from Birdlife International (news release):

Outbreaks in Nigeria suggest controls on international poultry movements
are widely flouted

The recent outbreak of H5N1 avian ‘flu in Nigeria show that poultry
movements can cause the deadly virus to jump across countries and even
continents. With poor enforcement of controls already blamed for
outbreaks in China, South East Asia and Turkey, the Nigerian outbreak
further demonstrates that lapses in biosecurity are the major reason for
avian ‘flu’s continuing spread around the world.

Whilst the precise nature of the outbreak is unknown, it seems more than
likely that the virus arrived through infected poultry brought into the
country in defiance of Nigeria’s import controls. Speaking at a press
conference, Nigeria’s Agriculture Minister, Adamu Bello, said “Birds
come every day from China, Turkey, into Nigeria, and from Europe and
also from Latin America. So Nigeria is exposed. Illegal importation of
poultry by people who have farms, bringing in poultry from places and
smuggling them in…could also have been a cause.”

Mr Bello was also reported by Nigeria’s Guardian newspaper group as
saying: “We think someone may have imported or smuggled in contaminated

Large scale commercial poultry farms need a regular supply of day old
chicks, and this has created a global trade in supplying the industry in
countries such as Nigeria, which are unable to undertake all the stages
of commercial production. Contesting the ban on imports of day-old stock
earlier in 2005, a poultry industry spokesman said “Nigeria does not
possess the temperature, weather conditions and much-needed technology
to produce Grand Parent stock (day old chickens) now, which is the life
wire of poultry business.”

“Globalisation has turned the chicken into the world’s number one
migratory bird species” said Leon Bennun, Director of Science of
BirdLife International. “Movements of chickens around the world take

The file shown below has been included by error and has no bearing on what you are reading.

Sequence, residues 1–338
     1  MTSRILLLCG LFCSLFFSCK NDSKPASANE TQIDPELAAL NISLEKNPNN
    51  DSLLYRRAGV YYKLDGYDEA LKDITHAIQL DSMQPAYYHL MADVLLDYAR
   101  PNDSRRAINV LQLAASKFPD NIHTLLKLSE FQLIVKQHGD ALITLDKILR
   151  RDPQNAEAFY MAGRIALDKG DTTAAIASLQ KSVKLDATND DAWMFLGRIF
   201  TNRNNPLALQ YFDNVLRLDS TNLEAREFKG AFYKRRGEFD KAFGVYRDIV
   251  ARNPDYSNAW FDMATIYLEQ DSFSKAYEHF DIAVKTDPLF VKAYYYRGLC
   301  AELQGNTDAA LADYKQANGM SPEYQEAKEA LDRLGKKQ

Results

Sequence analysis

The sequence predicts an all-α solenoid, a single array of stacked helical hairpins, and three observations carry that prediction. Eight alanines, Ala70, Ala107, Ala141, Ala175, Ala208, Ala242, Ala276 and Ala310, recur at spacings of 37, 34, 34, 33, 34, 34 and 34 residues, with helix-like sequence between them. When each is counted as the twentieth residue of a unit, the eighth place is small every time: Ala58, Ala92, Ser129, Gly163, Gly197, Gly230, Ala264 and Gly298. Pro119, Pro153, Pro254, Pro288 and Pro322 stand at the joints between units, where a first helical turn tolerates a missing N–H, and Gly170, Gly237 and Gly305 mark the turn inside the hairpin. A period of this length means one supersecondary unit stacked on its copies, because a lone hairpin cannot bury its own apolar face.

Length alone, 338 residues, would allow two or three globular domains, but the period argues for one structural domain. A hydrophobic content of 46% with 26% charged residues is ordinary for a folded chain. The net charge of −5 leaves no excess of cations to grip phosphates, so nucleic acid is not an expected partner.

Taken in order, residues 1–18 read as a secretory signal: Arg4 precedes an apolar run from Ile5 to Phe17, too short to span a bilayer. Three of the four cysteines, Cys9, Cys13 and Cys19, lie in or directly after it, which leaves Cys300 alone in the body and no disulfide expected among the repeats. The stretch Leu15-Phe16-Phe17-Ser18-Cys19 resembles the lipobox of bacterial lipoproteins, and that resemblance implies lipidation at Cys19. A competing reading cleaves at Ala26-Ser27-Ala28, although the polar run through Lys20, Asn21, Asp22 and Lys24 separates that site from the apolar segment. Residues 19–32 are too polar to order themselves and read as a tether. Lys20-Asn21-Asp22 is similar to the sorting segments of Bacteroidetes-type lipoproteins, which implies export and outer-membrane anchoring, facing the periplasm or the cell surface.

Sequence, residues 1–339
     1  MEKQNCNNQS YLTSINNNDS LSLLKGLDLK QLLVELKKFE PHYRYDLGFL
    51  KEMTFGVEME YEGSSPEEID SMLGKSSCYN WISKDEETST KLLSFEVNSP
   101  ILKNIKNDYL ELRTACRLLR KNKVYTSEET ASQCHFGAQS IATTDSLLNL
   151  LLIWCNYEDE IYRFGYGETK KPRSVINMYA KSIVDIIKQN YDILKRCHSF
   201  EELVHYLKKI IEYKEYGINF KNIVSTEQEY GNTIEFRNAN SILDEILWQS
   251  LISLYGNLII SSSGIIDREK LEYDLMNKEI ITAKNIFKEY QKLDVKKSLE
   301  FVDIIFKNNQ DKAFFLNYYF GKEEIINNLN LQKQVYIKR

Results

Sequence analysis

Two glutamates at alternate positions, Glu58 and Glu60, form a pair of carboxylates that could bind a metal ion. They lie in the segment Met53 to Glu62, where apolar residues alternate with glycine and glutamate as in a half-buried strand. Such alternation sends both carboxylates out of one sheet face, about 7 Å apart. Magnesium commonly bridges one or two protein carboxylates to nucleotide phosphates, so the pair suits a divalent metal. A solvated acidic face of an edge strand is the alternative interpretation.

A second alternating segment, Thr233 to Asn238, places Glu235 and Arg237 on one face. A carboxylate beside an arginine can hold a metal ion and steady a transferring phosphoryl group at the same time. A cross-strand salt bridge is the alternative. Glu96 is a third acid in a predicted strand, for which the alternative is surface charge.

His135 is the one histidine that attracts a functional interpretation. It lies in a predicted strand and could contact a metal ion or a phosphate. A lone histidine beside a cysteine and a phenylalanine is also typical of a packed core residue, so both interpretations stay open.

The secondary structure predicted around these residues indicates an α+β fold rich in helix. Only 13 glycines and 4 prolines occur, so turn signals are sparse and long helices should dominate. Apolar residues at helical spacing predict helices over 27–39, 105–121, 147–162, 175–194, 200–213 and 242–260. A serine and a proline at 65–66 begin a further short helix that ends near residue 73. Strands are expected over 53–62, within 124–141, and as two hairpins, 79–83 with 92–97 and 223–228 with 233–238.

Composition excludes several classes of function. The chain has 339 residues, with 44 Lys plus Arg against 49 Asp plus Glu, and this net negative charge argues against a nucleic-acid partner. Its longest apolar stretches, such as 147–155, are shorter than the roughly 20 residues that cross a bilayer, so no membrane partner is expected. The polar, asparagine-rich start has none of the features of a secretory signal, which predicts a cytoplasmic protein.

place 365 days a year, unlike the seasonal migrations of wild birds”,
Bennun added.

“It is important that strict biosecurity measures are imposed to stop
further spread not only within Nigeria but also to neighbouring
countries”, says Bennun.

However BirdLife is concerned that the authorities in Nigeria receive
appropriate support and advice from the international agencies managing
avian ‘flu and that resources are targeted effectively.

It is extraordinary, given the strong circumstantial evidence
implicating illegal poultry movements, and the repeated opinion of
Agriculture Minister Bello, that some representatives of the UN Food and
Agriculture Organisation have announced that wild migratory birds are
the source of the outbreak.

One senior FAO representative has even been quoted in the press as
saying: “If it’s not wild birds, it will be difficult to understand.
There is no real trade between the Middle East and Asia and Nigeria.”
Yet according to the websites of China’s embassy in Nigeria and their
Ministry of Commerce,”the trade volume between the two countries in 2003
reached US$ 1.86 billion,” and has continued to grow so that “Nigeria is
now China’s second largest export market and fourth largest trade
partner in Africa”.

Nigeria is a major oil producing nation, and with around 25 percent of
the population of Africa within its borders to provide a market for
imports, it is increasingly being sought out as a trading partner. The
largest-scale industrial poultry production in Africa is concentrated
within Nigeria’s northern states. If the global trade in poultry is
spreading avian ‘flu, it was predictable that it would hit Nigeria
before other African countries.

“Perhaps the time has come for an independent inquiry into the spread of
H5N1 over the past few years,” says Bennun. “This could help the world
to learn lessons on what could have been done differently to halt the
spread of the disease and help to stop further outbreaks.”